Resort revamping on-mountain experiences with new investments
WINTER PARK — Winter Park Resort is taking a cue from other ski resorts around the state and investing in more summer activities so guests can enjoy on-mountain experiences year-round.
Last week, Alterra announced $16 million in capital improvements at the resort, including over $1 million for summer activities, which the resort hopes is just the beginning of summer investments.
“The money that’s being earmarked for summer is really sort of the first in what we’re hoping is a series of plans to revitalize summer offerings here,” said Steve Hurlbert, director of public relations and communication for the resort.
The new summer activity options will include ropes courses for adults and kids, climbing walls and new hiking trails, as well as continuing to improve and add to the resort’s Trestle Bike Park.
Alterra is also investing in summer activities at its other resorts, including Steamboat Ski Resort, spending a total of $6.3 million across its properties. Plus, last year, Aspen Skiing Co. opened its $10 million summer adventure playground and announced a commitment to building summer activities.
Hurlbert said the resort wanted to update the base area activities with options that people would actually enjoy and that take advantage of the unique landscape available.
“Some of the base area activities that we had in particular were a bit stale and really, were kind of things that were more like carnival attractions rather than attractions and activities that you would find at a mountain,” he said.
Thanks to Winter Park’s new gondola, the resort has the ability to expand activities at the peak as well. Hurlbert said there are a lot of opportunities for hiking trails in the area for varying ability levels.
“The idea is to provide some options at the top of the mountain where you can ride the gondola up and you’ve got a couple of different trail options,” he said. “We’ve got a lot of room up there to work with, so I think there’s a lot of opportunity for multiple different ability level of hikes.”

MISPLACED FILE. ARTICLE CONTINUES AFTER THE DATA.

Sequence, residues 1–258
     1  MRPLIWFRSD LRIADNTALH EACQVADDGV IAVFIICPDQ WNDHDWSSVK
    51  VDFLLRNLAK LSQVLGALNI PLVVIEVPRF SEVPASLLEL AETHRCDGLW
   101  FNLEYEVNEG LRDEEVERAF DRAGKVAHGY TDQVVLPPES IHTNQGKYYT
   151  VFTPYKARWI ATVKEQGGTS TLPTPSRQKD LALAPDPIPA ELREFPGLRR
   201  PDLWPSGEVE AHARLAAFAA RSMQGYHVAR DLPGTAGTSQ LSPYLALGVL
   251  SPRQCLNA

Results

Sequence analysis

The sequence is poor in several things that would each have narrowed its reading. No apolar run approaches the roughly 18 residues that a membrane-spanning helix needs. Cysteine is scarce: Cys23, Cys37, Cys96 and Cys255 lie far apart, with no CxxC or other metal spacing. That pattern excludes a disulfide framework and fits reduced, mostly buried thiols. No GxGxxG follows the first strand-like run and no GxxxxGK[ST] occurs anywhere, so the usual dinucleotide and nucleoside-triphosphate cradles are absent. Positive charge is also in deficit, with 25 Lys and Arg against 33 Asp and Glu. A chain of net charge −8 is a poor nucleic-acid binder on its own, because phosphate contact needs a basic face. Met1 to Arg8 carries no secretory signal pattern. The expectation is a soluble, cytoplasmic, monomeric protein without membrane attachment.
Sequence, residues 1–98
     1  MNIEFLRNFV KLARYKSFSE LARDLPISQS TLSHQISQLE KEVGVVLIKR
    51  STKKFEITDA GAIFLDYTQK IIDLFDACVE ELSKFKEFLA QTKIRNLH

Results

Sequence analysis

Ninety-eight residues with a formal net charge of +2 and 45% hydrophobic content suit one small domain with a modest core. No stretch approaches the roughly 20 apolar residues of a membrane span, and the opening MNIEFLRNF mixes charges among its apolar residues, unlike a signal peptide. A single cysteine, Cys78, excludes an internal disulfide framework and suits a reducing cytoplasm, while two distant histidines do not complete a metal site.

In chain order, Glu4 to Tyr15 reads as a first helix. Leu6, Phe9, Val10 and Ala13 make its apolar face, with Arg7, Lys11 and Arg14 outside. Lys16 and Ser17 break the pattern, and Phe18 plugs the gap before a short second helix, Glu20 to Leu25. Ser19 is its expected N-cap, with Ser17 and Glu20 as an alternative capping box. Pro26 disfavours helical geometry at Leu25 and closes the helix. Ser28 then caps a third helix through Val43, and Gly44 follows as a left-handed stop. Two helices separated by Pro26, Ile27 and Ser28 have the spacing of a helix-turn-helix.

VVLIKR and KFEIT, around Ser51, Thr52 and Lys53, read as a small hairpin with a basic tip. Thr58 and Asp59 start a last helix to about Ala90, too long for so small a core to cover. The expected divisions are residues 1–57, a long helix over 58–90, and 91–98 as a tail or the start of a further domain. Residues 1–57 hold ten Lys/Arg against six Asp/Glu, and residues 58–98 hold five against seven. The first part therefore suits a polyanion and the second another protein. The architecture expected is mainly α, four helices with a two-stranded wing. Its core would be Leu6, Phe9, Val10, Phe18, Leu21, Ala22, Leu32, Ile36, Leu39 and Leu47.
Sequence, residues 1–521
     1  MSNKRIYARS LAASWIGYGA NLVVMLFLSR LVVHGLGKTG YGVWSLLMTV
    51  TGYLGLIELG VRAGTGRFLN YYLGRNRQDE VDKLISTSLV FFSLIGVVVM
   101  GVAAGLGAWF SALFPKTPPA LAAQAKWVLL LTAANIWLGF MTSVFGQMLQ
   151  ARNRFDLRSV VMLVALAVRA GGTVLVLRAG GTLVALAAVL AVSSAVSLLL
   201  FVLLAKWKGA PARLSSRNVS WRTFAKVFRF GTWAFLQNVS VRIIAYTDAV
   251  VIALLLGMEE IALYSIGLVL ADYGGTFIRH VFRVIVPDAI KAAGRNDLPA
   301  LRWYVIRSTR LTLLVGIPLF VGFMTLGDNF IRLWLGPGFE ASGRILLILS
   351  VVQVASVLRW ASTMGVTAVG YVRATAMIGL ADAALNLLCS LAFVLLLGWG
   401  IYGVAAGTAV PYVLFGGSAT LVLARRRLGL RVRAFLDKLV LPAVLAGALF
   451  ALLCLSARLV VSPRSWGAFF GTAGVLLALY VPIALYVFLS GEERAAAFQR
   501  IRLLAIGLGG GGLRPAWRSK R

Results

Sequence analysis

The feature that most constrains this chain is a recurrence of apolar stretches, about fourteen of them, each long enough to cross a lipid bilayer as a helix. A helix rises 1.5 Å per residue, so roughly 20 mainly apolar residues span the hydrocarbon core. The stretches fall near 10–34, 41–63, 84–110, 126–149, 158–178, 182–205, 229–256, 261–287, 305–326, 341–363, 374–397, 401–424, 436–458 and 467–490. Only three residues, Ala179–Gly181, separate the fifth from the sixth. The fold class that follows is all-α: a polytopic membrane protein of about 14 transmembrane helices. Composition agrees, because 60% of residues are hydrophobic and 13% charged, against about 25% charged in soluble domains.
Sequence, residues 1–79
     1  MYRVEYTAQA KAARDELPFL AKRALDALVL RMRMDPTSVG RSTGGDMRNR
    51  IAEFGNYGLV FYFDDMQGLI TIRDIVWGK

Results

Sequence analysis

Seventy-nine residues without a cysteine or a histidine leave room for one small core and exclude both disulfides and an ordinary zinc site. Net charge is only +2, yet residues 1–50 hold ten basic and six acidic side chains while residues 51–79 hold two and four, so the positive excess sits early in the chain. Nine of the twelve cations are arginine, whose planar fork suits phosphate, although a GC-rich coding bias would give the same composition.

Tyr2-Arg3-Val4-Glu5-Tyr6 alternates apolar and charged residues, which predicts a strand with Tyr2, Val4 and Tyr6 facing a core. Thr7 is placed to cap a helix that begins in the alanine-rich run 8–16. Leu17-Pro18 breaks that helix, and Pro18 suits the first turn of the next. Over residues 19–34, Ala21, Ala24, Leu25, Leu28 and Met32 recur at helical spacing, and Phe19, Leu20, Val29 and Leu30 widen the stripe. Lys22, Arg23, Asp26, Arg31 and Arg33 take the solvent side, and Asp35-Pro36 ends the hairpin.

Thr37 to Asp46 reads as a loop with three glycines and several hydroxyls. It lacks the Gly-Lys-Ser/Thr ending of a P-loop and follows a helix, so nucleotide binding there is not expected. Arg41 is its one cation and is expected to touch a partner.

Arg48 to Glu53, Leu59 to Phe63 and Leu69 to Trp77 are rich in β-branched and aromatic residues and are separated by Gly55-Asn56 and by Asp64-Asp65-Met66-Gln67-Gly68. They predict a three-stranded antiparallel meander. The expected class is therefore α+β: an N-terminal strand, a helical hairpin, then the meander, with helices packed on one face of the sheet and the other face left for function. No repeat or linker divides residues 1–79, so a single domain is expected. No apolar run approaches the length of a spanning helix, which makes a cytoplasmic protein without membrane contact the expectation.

However, plenty of upgrades are planned for winter activities as well. Mary Jane’s Sunnyside lift is being upgraded to a high-speed six-person Leitner-Poma lift that will significantly cut down on lines, Hurlbert said.
The new lift is expected to cut the lift ride time from the base of Mary Jane to the peak by more than half, so the total ride is less than four minutes. The upgrade will also double the capacity of the lift, which currently carries three people to a seat.
“It’s one of older lifts over on that side and it’s in such a popular zone,” Hurlbert explained. “It’s taking a place that’s a pinch point, where lines get long, and freeing it up.”
The remainder of the capital investment funds will go to resort maintenance, such as improving slope maintenance, lift service improvements and dining options.
While last year Winter Park Resort received the highest amount of money from Alterra for improvements, this year’s dollar amount shows the continued support of the resort’s parent company, Hurlbert said.
“They want to continue to improve the on-mountain experience and what’s cool for us is, rather than some sort of exclusive hotel or a super ritzy restaurant, at Winter Park they get our culture here and they’re investing in things that everybody can enjoy on the mountain, which is really exciting for us,” Hurlbert said.
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Members of the Colorado Parks and Wildlife Commission as well as the public are invited to attend CPW’s second online educational session related to wolf reintroduction efforts 6-8 p.m. Thursday.